Bitcoin and real estate

If you’ve been wondering, “What on earth is this Bitcoin thing I keep hearing about?” rest assured, you’re not alone! Bitcoin is a purely digital, encrypted form of currency. This new-ish (2009) currency operates peer-to-peer, independent of any one centralized bank. Unlike traditional currency (such as printed dollars), computers produce bitcoins. Encryption techniques regulate the generation of units of bitcoin and verify the transfer of funds. The technology uses a source code of complex algorithms to prevent unauthorized duplication or creation of any bitcoins.

Some mainstream companies (Overstock.com, Subway, and Expedia.com) are now accepting Bitcoin payments. Surely, more companies will be soon to follow. With the recent launch of Bitcoin futures by major exchanges, the fervor is likely to continue.

So what’s the fuss? What are the advantages of using this new form of money? Allow us to break it down for you.

The Pros and Cons of Bitcoin

Perhaps most significantly, Bitcoin makes it possible to send and receive money anywhere in the world at any given time. With Bitcoin, there’s no longer a need to schlepp to the bank – as long as you have Internet access, you’re ready to pay!

In this age of identity theft, Bitcoin’s anonymous nature helps protect your personal information. While Bitcoin protocols check your previous transactions to confirm that you have sufficient bitcoins (and the authority to send them), the system does not need to know your identity. While Bitcoin transactions are public in that your Bitcoin address is shared, your identity is NOT attached to it.

Lastly, Bitcoin is very economical to use! Sales tax cannot be added to Bitcoin transactions and there are little to no fees involved.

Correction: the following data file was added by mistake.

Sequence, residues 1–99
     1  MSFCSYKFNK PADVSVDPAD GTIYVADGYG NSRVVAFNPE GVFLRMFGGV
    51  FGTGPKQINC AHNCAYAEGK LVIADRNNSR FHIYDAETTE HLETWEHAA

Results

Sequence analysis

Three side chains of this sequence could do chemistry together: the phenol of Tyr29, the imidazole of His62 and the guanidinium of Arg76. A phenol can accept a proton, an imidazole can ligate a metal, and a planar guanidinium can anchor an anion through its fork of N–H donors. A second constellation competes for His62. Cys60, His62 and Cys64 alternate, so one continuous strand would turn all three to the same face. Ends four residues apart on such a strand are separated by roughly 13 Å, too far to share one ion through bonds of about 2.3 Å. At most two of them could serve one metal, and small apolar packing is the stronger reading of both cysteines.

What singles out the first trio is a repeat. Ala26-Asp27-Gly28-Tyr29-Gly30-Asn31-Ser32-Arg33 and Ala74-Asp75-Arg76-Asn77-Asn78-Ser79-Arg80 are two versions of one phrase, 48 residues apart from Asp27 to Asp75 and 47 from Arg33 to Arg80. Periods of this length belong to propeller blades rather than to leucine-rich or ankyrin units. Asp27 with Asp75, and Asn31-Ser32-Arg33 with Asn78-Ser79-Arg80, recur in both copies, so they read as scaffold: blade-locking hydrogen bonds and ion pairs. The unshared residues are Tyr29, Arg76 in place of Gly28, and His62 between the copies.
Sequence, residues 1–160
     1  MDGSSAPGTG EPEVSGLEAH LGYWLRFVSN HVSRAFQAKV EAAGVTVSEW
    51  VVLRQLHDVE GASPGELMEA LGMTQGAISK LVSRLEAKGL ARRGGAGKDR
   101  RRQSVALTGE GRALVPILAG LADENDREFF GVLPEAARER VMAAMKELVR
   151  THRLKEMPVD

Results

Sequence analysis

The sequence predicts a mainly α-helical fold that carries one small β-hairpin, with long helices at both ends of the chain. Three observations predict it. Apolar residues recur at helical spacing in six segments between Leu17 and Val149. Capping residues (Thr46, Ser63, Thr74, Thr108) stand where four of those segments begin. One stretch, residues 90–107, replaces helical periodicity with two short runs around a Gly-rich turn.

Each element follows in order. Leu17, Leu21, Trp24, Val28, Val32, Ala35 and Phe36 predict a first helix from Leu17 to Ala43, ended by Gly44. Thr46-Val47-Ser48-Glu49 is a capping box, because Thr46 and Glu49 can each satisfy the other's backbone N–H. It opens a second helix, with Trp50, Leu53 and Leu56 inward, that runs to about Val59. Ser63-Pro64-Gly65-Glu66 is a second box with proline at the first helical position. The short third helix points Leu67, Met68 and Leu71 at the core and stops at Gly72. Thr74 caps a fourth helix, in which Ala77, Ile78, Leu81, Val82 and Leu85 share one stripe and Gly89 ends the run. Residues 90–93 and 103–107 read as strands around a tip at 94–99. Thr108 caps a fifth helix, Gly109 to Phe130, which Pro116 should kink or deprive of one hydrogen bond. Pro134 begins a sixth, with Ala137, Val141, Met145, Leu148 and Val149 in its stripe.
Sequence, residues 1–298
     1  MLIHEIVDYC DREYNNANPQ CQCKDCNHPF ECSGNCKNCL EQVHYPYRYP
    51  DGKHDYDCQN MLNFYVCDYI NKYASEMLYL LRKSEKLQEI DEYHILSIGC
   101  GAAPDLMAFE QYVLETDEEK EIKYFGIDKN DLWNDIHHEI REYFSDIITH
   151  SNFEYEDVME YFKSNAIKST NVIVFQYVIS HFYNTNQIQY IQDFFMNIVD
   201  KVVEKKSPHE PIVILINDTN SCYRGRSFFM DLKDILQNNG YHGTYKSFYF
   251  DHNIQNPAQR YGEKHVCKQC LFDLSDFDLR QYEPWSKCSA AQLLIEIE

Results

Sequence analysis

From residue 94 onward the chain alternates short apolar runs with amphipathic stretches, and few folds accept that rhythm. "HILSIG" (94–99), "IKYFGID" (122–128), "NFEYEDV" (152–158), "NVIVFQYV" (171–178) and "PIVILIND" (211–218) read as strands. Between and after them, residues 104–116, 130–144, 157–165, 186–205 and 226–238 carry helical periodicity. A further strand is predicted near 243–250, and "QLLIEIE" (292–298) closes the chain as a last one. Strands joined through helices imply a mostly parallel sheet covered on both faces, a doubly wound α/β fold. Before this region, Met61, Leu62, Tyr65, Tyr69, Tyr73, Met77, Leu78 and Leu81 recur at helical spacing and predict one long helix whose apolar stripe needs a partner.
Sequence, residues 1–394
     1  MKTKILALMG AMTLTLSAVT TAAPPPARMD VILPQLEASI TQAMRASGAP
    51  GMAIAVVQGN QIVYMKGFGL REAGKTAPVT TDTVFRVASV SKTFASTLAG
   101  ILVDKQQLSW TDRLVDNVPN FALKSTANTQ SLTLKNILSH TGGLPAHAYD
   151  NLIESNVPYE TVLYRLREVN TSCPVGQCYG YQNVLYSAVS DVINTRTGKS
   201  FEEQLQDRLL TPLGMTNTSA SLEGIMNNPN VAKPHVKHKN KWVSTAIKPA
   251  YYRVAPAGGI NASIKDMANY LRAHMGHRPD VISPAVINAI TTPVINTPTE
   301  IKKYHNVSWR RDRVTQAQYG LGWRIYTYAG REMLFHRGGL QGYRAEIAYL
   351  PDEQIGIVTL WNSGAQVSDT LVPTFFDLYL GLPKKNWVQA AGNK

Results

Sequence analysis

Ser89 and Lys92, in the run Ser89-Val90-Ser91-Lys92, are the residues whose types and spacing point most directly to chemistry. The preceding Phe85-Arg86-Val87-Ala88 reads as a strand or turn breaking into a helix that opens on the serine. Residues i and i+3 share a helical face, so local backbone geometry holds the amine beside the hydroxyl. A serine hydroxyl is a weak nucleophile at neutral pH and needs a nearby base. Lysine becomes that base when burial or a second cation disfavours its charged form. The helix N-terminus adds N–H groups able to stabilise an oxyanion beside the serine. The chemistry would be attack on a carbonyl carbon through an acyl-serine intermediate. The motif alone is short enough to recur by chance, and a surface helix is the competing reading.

Perhaps the most significant drawback is that Bitcoin transactions are not reversible. Also, your bitcoins could be lost if your hard drive crashes.

Bitcoin’s Impact on Real Estate

The short answer is, we’re not entirely sure — yet. We do know that Bitcoin usage is becoming more commonplace in the real estate world. Certain lenders and landlords have started accepting Bitcoin payments. Websites devoted to bitcoin real estate transactions, like this one, have emerged and more are sure to follow.

Mainstream real estate sites are catching on as well. For example, in May 2018, 140 Zillow listings mentioned Bitcoin in their copy.

Buying and selling homes with bitcoin is well on its way to becoming commonplace internationally. It is now gaining popularity in the U.S. as well. It avoids the volatility associated with international currencies so it is very attractive to global real estate investors.

In terms of real estate transactions, using Bitcoin speeds up the process considerably, removing lenders and banks form the process. Clients can even pay realtors’ commissions with the cryptocurrency. The database which records Bitcoin transactions, Blockchain, is being bandied about as a possible replacement for title transfers (read our related post on what actually happens at a real estate settlement). It goes without saying that all parties in any Bitcoin real estate transaction must be well-versed in and comfortable with the technology in order for it to work.

It’s important to note here that in the U.S., bitcoins are considered property and every transaction must be calculated as a capital gain and taxed accordingly. Selling, spending and even exchanging bitcoin all have capital gains implications.

The Bottom Line

It appears that Bitcoin is here to stay! We suspect its role in real estate is in its infancy. We will keep a close on this trend and continue to educate ourselves and our clients so that we can be ready to incorporate Bitcoin into our offerings – if and when it makes sense for our clients.

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